Acito has been traveling back and forth between New York and Colorado to work with Murray and Fischer for what he calls Secrets 2.0, which now incorporates spirituals and songs from Anderson’s repertoire.
“It has gone through a beautiful transformation,” Murray said.
Fischer, who teaches his Littleton high-schoolers Vocal Music and Music Theory, was intimidated by the prospect of teaming up with Acito at first. But that that feeling quickly gave way to excitement and inspiration.
“The relationship between Jewish music and black music has always been intriguing to me,” Fischer said. “So much black music in America was born out of oppression. When we look at the history of oppressed people, we often find common ground in the artistry of oppressed and persecuted groups. Plus, I’m a total ‘stan’ for Marian Anderson.” (That’s a slang word combining stalker and fan.)
The cast also includes Mark Rubald as both Anderson’s accompanist, Kosti Vehanen, and former President Franklin Delano Roosevelt. Sharon Kay White plays both Einstein’s maid, Helen Dukas, and former First Lady Eleanor Roosevelt. In addition to providing live music from a grand piano suspended above the stage, Fischer will portray plays seven characters in the play.
Murray believes this is the right play at the right time in America.
“I want to bring new work to the Fox so audiences can engage in that ephemeral exchange that is felt when the work speaks directly to how we are feeling in this very moment,” Murray said. “We don’t need to agree on everything to find common ground.”
This story was largely compiled from press materials provided by the Aurora Fox Arts Center.
Secrets of the Universe and Other Songs
- At the Aurora Fox Arts Center, 9900 E. Colfax Ave.
- By Marc Acito and Andrew Fischer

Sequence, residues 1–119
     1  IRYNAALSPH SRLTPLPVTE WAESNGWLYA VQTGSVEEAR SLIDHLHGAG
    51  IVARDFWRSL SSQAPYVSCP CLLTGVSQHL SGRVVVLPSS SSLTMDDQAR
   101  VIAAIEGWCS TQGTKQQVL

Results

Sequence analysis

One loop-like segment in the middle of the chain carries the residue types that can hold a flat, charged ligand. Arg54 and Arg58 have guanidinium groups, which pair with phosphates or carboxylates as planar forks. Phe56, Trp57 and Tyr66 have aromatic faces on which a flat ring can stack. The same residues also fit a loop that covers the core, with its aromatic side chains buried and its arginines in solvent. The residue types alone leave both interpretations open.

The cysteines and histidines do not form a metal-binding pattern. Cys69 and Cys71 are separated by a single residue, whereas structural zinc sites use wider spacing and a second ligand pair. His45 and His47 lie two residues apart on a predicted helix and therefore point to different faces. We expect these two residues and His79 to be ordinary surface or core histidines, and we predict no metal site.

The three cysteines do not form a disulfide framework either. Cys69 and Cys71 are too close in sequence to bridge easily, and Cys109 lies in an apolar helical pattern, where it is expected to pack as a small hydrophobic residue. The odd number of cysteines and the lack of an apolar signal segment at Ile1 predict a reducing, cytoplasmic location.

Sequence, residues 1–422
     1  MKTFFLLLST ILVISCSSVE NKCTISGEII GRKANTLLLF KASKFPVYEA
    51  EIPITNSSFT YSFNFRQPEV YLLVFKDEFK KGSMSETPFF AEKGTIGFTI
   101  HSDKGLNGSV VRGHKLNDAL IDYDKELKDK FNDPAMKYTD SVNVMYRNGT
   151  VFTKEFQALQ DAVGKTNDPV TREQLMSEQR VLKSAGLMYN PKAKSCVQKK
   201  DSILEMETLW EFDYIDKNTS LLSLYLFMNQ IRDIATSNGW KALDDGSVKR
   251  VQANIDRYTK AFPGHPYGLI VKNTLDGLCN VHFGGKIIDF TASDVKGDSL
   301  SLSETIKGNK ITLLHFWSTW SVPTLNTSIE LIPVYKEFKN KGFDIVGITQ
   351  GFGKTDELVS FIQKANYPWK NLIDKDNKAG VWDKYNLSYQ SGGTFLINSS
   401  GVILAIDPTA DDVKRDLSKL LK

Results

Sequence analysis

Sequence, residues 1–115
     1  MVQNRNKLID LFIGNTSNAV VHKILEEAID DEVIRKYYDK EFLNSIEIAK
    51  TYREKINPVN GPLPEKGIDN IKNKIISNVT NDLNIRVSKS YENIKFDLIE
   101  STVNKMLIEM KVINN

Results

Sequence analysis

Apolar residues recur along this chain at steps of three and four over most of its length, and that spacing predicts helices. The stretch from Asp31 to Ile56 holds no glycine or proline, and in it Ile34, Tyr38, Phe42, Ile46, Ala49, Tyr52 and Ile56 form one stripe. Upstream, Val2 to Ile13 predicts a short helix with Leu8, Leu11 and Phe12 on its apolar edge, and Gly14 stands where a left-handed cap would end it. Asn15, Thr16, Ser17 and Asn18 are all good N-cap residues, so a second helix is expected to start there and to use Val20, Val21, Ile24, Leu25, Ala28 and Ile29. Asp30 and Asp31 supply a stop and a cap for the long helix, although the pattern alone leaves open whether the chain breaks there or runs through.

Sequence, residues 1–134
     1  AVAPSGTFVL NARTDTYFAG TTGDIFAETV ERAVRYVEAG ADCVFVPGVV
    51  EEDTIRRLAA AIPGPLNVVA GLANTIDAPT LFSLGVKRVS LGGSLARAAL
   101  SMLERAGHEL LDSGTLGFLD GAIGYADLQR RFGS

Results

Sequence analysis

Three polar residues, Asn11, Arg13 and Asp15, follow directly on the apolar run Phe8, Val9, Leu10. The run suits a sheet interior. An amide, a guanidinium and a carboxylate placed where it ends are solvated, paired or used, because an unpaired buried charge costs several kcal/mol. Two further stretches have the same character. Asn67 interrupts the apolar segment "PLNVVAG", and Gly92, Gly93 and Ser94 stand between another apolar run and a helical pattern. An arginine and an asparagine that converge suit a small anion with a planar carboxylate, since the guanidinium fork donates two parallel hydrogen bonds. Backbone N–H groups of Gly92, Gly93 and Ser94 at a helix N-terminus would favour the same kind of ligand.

- Directed by Helen R. Murray
- February 21 through March 15
- Tickets available by calling 303-739-1970 or going to aurorafox.org
About Marc Acito
Marc Acito is an American playwright, librettist and humorist whose work focuses mainly on historical subjects. He is the head writer of Talking Statues, a project with the New York City Department of Parks and Recreation in which he creates mobile monologues for statues of historical figures. His play Birds of a Feather, directed by Helen R. Murray, won the Helen Hayes Award for Outstanding New Play. His one-man play How I Paid for College starred Broadway’s Alex Brightman. His “Chasing Rainbows” tells the story of Judy Garland’s dramatic adolescence. He wrote the book for the Broadway musical Allegiance. In 2016, Acito had two world premieres: Chasing Rainbows, which tells the story of Judy Garland’s dramatic adolescence, and It’s a Secret, which features the music of the “Chinese King of Pop,” Jay Chou.
About Mary Louise Lee
Denver native Mary Louise Lee is a graduate of Thomas Jefferson High School who made her Denver Center debut at age 17 performing in Beehive at what is now the Garner Galleria Theatre. With more than 20 years of professional performing experience, she is known as both Denver’s First Lady, and Denver’s First Lady of Song. Lee won both a Henry Award and a True West Award for her performance in the Aurora Fox’s Caroline or Change. She has used her role as First Lady to introduce children and youth to the benefits of the performing arts through her foundation, Bringing Back the Arts.